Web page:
Fix Common Resume Mistakes

When students find themselves submitting application after application but only receive a few responses, they should re-examine their resumes. Experts often recommend tailoring a resume to the job qualifications, as well as refraining from re-using the same resume and cover letter for each job application. In reality, time spent researching the company, its values and its unique needs is necessary for writing a resume that demonstrates the qualities they are looking for in an employee. Above all, students who craft their resumes for a work-from-home experience must make sure to demonstrate an ability to work well remotely. Excellent time management and motivational skills are a must when someone is working from home. Students who have experience managing non-work projects from home — including completing a class in a remote learning environment — may benefit from putting that on their resume.

Even without relevant work experience, college and university students can still find characteristics and activities that demonstrate their positive attributes on a resume. These may include:

  • Examples of school projects, especially if the class is relevant to the job.
  • Portfolios of work from side projects and hobbies.
  • Job responsibilities and experience from unrelated fields.
  • Participation in student government associations or other leadership roles.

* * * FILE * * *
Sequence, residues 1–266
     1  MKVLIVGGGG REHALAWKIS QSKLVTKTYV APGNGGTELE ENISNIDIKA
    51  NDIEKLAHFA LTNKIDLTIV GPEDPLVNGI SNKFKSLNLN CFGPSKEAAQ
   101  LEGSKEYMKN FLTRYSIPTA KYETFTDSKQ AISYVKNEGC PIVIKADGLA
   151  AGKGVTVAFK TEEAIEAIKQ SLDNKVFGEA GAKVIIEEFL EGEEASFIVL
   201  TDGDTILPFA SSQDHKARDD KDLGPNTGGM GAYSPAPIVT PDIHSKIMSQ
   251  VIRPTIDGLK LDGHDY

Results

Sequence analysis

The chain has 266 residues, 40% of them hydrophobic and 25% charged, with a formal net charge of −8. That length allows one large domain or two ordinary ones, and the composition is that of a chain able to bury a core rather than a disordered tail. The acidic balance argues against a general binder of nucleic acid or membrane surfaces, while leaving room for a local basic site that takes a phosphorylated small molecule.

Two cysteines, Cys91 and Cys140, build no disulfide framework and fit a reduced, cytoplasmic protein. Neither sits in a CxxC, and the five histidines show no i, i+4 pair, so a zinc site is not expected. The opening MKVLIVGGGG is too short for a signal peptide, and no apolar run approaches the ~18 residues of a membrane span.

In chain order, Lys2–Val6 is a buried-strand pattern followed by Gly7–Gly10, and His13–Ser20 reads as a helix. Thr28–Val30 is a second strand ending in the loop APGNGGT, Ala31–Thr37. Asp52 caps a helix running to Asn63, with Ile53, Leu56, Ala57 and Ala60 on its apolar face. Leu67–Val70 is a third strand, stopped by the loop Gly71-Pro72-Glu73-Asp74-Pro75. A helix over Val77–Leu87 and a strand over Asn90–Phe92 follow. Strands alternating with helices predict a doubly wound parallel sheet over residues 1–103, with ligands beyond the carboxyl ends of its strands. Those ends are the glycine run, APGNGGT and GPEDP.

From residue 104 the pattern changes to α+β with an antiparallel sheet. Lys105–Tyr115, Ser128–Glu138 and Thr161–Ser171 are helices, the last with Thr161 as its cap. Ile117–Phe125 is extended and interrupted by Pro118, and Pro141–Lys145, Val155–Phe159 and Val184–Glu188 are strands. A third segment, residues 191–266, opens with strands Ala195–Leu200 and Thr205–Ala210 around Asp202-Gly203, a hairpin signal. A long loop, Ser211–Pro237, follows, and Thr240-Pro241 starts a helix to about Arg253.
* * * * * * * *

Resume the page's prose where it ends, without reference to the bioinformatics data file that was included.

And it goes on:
• Clubs and college societies the student may be a part of.
  • Awards from pre-college days that demonstrate commitment and going the extra mile outside of school.
  • Volunteer work, internships and community projects.

Additionally, if a student is not affected by time constraints for getting a remote job, they may consider applying for remote internships to better their resume.

Remote Internships are Impressive

Whether it is a paid or unpaid internship, undergrads should aim to find one that gives them the chance to develop the skills necessary to work from home. Internships may be considered “the new entry-level,” and applicants are often encouraged to have experience from more than one before entering the workforce. With one or two remote internships, students can demonstrate that they have the self-determination and self-control to conquer distractions and get their work done from an independent location. This can be especially helpful when they need to stand out among a competitive pool of candidates.

Don’t Be Discouraged!

Even without a degree or relevant experience, students should not give up on their hopes of landing a job where they can work from home. Successful applicants may need to step up their game by working hard on resumes and cover letters, securing the right internships and doing all they can to show that they are worthy candidates who can get the job done.

Writer Profile

Kane Howard

Harrisburg Area Community College
Communications with a Concentration in Journalism

Kane Howard is a communications student at HACC in Pennsylvania who hopes to go onto York College after graduation. He has experience with writing both fiction and non-fiction works.